Real Estate & Construction

The REIT Way

Real Estate & Construction

Other factors that fueled the growth trend were President Santos’ plan to build 100,000 free homes for the poor, and the sustained rebound in the construction of non-residential projects. Investment […]

Other factors that fueled the growth trend were President Santos’ plan to build 100,000 free homes for the poor, and the sustained rebound in the construction of non-residential projects. Investment in civil construction grew 20.4% in 4Q2013, rounding off the best year since 2008 with an annual growth rate of 9.8% throughout 2013. As of 2013, the sector employed 1.4 million workers, and as Luis Felipe Henao Cardona, Colombia’s Minister of Housing, City, and Territory explains, the Santos administration built 260,000 housing units in 2013, representing an all-time record for the country. It also plans to construct a total of 920,000 housing units, marking an 80% increase when compared to the performance of Álvaro Uribe’s government.

Sergio Mutis, the President of Grupo Valor, a leading Colombian construction company that formed a joint venture in 2013 with California-based property fund, Paladin Realty Partners, believes that property development will remain the key engine of national economic growth and of the government’s social policy. He explains that, “according to DANE statistics, construction has two branches, namely civil works and infrastructure and buildings. Taken together, these categories account for 7% of GDP. But if you added to that all industrial and services activities related to construction, the number could reach 20%.”

In Latin America’s private equity markets, Brazil and Mexico have attracted the majority of capital inflows, but there is growing interest in the Colombian market, bolstered by an expanding middle class, strong economic growth, and greater investor appetite for exposure to the region. Of the aggregate capital targeted by all Latin America-focused funds, 16% is targeting Colombia, amounting to a total of $627 million. The local private pension fund investors active in the Colombian market are Scotiabank’s Colfondos, Porvenir, GrupoSura’s Proteccion, and Old Mutual’s Skandia, and between them they manage almost $79 billion. Current regulations allow pension funds to invest 5% of their assets under management in local private equity managers.

The largest fundraising effort of 2013 was led by the Terranum Group, which closed its $236 million real estate fund, attracting a broad range of investors including pension funds in Peru and Colombia, institutions in the US and Europe, and a select group of Latin American family offices. During 2013, the Colombian government implemented a series of regulations clarifying the legal framework for private equity and venture capital funds, which is set to ensure legal stability and hence raise confidence among investors. One of the most important changes brought by Decree 1242 was the creation of Collective Real Estate Investment Funds, or closed collective investment funds that must manage portfolios that are at least 75% comprised of property assets. The main novelty here is that the investment decisions of there funds can only be managed by a registered fund management company, or else be delegated to an external manager registered in Colombia such as a stock brokerage company, a fiduciary company, an investment management company, or a foreign company under the supervision of a relevant authority regulating the management of third-party portfolios.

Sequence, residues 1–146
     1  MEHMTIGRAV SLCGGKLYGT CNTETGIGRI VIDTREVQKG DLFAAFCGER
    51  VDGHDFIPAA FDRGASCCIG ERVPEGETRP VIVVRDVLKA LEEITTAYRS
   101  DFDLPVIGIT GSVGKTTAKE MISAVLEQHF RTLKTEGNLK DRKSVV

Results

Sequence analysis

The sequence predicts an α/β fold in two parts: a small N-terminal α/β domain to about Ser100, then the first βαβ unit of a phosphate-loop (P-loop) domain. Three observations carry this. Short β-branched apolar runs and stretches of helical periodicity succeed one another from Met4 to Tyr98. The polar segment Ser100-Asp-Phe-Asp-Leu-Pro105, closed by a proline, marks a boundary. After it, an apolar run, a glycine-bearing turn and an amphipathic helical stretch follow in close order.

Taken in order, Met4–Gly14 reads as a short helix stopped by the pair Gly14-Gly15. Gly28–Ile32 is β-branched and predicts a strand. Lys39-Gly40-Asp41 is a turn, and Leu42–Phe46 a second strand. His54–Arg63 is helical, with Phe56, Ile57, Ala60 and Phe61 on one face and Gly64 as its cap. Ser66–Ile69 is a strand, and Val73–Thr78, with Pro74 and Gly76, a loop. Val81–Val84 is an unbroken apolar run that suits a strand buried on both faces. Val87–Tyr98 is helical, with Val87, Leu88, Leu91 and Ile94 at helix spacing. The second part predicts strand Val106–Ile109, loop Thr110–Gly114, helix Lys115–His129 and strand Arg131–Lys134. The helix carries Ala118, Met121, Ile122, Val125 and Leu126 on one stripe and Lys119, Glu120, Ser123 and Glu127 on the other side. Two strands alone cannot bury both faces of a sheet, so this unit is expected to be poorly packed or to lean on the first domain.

Ángela Gómez Calderón, General Manager of Estrategí­as Comerciales y de Mercadeo, believes that real estate investment trusts (REITs) are finally granting retail investors access to the hotel industry, a particular segment of the real estate sector that is experiencing attractive growth. According to Estrategí­as Comerciales, these REIT stocks currently offer a return on investment of between 9% and 15%, depending on the hotel and location. In this line, the first quarter of 2014 has seen the Terranum Group and Equity International acquire the largest hotel chain in Latin America, Decameron Hotels & Resorts.

Olli Fischer, CEO of Exact Invest, a Danish real estate private equity fund, points out that the REIT or fiduciary system, “creates the opportunity for developers to develop and sell and build relatively large projects with relatively little equity. That in turn generates the smaller stratified offices and now there is a lack of larger office space, so funds are currently interested in investing their own resources in order to create and finance large new projects in order to cover that gap.” In fact, as Claudia Robledo of CREA Management explains there are “big funds with a lot of money that cannot find a product they want to invest in,” which presents an interesting opportunity for funds to develop single-owned office or industrial properties, and for advisors to structure deals bearing the commercial risk that neither funds, nor construction companies are willing to assume. For institutional investors, there is also great demand for quality office buildings of single ownership in cities such as Barranquilla, Cali, and Bogotá. There is also an interesting potential in logistic or industrial park developments in free trade zones (FTZs). Whilst the percentage of the portfolio allocated to real estate in mature markets amounts to roughly 10% of pension fund investments, what Colombians have invested in real estate today does not exceed 3%, according to Andrés Alvarado, CEO of Abacus Real Estate, which manages gross assets of approximately $70 million in its Corporate Sustainable Properties Fund.

Real estate is a highly interest rate-sensitive investment and the low interest rate environment is proving essential to ensuring that a greater number of households have access to housing solutions. On average, interest rates stood at 10.8%, while the issuance of home mortgages grew by 19% in 2013.